Some optimization/generalization axes:
Making the final selection in the search engine or using the LLM to page the article titles, choose some, check their content and pass it to the main thread or go on checking some more articles - just like a human would. Select only the latest versions of a document in the search engine or return articles together with their version numbers and other metadata to the LLM to decide what to do.
Using a universal search engine integrating many sources instead or letting the LLM choose specialized search engines in a (again imitating humans).
Universal search engines are useful on their own - but AI will bring even more utility to them and push for more development in this area.
Optimizing texts for LLM reasoning instead or using the content meant for human consumption. Language models are meant to understand the same text as humans - but it does not mean that these texts are optimal for them. Maybe they need shorter texts to fit into the prompts, maybe less repetitions because they tend to remember everything from the prompt, or maybe sometimes more repetitions - who knows how future LLMs will work?
Categories of RAG systems
Business environment is in a constant evolution, niches appear, grow - then disappear. Initially, many business niches for smart knowledge bases will be naturally dominated by existing companies that own or have privileged access to the relevant data - like Microsoft and Google managing our emails and other documents. But there is a lot of value in systems integrating various sources of information - so that they would, for example, understand scientific terms used in personal emails - and eventually we’ll see completely new system architectures and business models.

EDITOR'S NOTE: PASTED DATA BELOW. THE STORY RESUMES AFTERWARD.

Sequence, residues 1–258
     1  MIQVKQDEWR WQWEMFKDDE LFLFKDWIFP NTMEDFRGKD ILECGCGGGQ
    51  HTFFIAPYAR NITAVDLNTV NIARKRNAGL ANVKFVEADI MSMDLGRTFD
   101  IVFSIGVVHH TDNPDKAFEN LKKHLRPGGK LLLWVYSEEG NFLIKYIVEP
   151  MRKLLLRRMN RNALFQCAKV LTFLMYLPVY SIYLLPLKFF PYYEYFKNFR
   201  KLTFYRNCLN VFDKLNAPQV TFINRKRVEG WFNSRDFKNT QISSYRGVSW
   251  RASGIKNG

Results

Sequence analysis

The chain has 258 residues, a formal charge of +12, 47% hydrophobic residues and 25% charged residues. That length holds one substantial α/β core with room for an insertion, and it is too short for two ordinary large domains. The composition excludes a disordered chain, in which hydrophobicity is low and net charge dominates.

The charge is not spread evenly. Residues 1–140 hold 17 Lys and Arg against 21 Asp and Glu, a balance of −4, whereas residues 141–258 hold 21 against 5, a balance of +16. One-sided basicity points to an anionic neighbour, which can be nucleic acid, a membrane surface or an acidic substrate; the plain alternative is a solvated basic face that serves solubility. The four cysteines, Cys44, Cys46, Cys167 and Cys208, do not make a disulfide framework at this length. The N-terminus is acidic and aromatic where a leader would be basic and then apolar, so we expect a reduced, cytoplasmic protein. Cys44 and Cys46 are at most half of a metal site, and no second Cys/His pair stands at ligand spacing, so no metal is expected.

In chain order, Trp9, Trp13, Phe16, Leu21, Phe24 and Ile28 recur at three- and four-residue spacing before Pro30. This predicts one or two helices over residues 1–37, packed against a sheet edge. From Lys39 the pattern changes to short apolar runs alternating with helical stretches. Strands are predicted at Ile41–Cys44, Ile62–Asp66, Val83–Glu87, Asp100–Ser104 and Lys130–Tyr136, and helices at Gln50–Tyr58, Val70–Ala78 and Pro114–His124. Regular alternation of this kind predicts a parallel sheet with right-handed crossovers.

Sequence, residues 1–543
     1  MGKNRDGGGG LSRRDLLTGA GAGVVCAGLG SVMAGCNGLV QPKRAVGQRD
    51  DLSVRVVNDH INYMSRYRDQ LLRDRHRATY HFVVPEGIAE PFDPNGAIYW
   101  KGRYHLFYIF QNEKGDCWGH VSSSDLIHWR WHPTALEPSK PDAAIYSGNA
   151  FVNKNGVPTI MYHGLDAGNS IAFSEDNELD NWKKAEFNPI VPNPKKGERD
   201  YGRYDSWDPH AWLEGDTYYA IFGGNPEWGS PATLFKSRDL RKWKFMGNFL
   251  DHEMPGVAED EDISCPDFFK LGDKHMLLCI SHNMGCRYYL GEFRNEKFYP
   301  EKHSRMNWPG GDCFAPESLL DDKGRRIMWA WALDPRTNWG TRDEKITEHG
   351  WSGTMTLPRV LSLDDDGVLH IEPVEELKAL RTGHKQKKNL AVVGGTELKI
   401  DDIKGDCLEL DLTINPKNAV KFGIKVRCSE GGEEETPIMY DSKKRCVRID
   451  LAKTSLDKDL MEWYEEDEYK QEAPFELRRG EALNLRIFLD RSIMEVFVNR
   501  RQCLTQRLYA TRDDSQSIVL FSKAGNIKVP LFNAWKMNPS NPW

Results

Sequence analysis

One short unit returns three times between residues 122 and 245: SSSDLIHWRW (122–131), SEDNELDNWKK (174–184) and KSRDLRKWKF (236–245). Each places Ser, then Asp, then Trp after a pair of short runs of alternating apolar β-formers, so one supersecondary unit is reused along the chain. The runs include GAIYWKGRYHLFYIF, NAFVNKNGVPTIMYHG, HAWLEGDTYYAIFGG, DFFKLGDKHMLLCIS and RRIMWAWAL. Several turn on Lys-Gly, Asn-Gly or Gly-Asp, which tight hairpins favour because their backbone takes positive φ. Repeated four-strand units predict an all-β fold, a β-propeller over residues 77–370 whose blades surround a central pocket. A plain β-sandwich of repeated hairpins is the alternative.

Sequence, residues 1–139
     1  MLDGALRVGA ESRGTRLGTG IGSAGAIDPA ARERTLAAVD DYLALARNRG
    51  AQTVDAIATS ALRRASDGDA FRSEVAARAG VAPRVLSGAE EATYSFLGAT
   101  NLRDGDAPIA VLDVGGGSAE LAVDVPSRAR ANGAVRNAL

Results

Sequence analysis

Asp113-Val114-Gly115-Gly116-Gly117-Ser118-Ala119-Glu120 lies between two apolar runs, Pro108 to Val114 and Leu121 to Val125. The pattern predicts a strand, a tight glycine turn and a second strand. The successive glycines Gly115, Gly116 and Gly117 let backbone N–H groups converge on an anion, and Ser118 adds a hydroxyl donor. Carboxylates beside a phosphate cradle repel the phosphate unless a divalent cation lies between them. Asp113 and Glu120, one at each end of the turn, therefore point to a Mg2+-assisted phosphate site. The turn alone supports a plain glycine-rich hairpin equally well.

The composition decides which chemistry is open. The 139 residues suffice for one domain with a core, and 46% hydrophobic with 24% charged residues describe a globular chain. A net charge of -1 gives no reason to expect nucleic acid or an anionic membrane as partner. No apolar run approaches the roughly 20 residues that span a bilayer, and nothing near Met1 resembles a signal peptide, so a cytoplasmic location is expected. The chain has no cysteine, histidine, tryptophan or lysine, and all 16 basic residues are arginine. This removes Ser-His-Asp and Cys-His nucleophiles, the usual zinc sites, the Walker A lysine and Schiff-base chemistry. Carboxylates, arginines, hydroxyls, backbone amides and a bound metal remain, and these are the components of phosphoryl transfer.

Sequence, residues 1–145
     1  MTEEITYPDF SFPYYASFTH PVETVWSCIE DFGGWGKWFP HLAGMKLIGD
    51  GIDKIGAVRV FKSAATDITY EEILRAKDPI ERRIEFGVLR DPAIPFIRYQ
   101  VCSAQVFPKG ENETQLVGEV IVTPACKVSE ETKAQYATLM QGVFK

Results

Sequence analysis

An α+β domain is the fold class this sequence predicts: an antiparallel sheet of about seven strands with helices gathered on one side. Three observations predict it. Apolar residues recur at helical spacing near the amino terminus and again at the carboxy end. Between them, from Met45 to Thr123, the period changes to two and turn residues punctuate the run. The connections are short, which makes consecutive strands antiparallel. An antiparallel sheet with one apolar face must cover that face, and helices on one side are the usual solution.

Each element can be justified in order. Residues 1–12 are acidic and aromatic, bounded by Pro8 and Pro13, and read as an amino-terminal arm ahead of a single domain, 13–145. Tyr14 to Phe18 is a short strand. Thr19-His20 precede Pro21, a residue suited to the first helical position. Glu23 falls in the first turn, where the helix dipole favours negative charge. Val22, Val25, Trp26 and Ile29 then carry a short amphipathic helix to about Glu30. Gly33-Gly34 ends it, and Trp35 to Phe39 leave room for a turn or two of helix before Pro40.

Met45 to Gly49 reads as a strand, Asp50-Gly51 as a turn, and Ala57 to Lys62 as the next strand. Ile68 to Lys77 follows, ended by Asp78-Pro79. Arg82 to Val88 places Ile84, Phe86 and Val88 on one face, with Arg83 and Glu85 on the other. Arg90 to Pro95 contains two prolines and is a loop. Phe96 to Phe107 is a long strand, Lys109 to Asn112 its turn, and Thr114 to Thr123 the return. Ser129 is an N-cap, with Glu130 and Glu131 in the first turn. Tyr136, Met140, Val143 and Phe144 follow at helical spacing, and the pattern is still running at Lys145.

For the start, I expect the following broad RAG categories:
Personal - that will let us chat not with just one PDF but extract, summarize and integrate information from all the documents collected on our computers, cloud storage, emails, browse history - etc.
Public - for exploring libraries of verified, public information - like academic textbooks, peer reviewed articles, etc. (existing example: WikiChat: A Few-Shot LLM-Based Chatbot Grounded with Wikipedia). Or just public information - like Bing Chat or GPT with browser plugin. I am waiting with excitement for a system that would let a motivated lay person like me to quickly extract information from the cutting edge of science.
Enterprise - for all digitized information stored on company servers.
Some things an enterprise RAG system could do:
Handle natural language queries from users, such as “What is the status of my order?” or “How do I reset my password?”
Understand the user’s intent and extract relevant information from the query, such as order number, product name, email address, etc.